Understanding the dynamics behind why space economy has been trending over the last few years is quite crucial yet very complicated to understand and assimilate. We should firstly define what is happening behind the scenes for countries to intensify their investigation, funding and missions to occupy a space in the ¨Space Economy¨?
According to the world economic forum report for 2017, the space economy plan for 2030 is predicted to make strides in technological discoveries to serve mankind and while simultaneously, re-generating employment, investments and tourism opportunities, needless to mention, how this could give us aspirations to slowdown environmental degradation and increase sustainability of resources. In this case, could we be exploring the space economy for additional resources?
In fact, space economists and analysts have a clear vision about the marvels that the space economy could introduce to our world, however, they are still skeptical about how far the space economy plan would proceed. Amazon has just recently launched its Kuiper project to provide board internet access around the globe through 3,000 satellites and similarly but at a bigger scale, SpaceX is launching Starlink to release 12,000 satellites into the low earth orbit and many more initiatives will follow.
The recent launches and interest of countries such as India´s lunar pole mission and Luxembourg´s funds to invest in space start-ups, tells us the story of a changing business model in space. It seems that based on pure economic intuition that not only will there be higher marginal benefits that could be driven out of the space economy business model, but rather that the marginal costs have gone down.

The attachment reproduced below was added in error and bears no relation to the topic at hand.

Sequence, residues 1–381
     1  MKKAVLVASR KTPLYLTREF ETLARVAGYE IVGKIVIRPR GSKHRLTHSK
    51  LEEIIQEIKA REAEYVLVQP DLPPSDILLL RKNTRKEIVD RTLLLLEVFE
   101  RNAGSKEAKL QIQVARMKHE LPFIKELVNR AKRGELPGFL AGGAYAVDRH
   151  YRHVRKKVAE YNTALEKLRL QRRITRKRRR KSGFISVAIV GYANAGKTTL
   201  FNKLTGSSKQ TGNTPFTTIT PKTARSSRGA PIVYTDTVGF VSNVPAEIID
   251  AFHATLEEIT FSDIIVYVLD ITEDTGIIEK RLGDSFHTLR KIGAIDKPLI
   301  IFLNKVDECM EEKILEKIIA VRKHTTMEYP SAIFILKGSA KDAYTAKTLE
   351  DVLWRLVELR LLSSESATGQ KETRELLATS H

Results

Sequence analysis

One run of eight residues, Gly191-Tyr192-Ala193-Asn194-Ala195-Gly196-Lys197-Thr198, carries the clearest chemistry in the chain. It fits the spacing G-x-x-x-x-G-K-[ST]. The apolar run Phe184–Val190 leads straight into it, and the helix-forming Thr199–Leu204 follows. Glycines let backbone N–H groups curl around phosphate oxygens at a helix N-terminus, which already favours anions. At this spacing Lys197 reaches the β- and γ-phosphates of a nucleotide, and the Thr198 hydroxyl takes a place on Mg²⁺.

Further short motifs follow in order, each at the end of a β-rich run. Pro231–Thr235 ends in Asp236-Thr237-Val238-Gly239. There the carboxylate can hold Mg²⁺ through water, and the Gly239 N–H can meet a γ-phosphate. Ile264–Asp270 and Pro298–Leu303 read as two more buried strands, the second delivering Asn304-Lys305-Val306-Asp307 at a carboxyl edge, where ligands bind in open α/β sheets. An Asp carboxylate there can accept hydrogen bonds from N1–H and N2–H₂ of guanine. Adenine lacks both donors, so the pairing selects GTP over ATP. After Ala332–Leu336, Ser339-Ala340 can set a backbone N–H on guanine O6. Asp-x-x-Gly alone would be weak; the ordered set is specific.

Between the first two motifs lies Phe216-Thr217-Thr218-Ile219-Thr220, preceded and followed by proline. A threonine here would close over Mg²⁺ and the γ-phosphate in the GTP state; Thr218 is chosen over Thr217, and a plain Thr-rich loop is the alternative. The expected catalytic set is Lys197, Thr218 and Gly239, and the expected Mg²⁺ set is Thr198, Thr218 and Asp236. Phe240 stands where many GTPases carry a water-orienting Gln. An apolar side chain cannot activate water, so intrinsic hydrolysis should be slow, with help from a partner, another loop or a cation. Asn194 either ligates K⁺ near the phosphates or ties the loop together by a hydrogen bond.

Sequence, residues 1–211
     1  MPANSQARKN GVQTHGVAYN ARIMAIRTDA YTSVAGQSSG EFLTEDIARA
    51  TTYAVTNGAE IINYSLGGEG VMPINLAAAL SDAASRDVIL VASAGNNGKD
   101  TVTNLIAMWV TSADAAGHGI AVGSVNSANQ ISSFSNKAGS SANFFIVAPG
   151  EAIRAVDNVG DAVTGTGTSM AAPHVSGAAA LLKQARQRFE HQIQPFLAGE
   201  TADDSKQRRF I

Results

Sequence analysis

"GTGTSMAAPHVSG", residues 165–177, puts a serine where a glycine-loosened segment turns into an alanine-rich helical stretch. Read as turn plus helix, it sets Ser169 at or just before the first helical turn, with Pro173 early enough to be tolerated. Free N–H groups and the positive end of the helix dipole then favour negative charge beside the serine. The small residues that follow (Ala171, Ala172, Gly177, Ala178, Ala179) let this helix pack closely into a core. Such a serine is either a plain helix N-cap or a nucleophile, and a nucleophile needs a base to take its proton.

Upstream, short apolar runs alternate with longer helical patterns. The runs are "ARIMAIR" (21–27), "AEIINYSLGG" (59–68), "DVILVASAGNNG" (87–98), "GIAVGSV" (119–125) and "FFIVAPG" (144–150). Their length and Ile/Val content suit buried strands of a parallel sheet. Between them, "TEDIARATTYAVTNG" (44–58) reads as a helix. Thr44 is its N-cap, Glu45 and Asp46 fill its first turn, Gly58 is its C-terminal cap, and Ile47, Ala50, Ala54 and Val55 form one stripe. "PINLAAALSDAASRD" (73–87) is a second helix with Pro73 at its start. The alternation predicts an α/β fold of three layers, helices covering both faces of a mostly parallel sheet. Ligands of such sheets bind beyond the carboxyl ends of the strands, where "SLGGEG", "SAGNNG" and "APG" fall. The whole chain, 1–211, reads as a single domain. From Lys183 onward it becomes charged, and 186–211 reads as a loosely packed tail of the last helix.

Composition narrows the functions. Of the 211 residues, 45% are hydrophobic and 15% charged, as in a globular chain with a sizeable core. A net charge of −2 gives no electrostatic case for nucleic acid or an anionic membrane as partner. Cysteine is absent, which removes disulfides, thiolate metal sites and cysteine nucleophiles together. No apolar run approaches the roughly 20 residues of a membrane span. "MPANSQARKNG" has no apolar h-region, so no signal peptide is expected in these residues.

An interview conducted with Sinéad O’Sullivan; an entrepreneurship fellow at Harvard Business School clearly emphasized that the cost of launching one kilogram in space has almost gone down 20 times to reach $2,500 which has paved the way for many private investors and venture capitalists to access space as it’s no longer exclusive to governmental space agencies as it was previously. In fact, investments have reached a point where there are fears that we won’t be able to find space in space.
The questions that remain unanswered here are quite important and worthy of being addressed. Will there be specific rules and policies to govern the access to space and ensure the security and harmlessness of all those satellites installed in space; carrying tons of data? The second question is about expanding the uses of space economy and will it be confined to speeding up technological and telecommunication advancements on earth? Finally, do we stand a chance of sending touristic missions to stay in space and expand the space economy?
By Dr. Esmat Kamel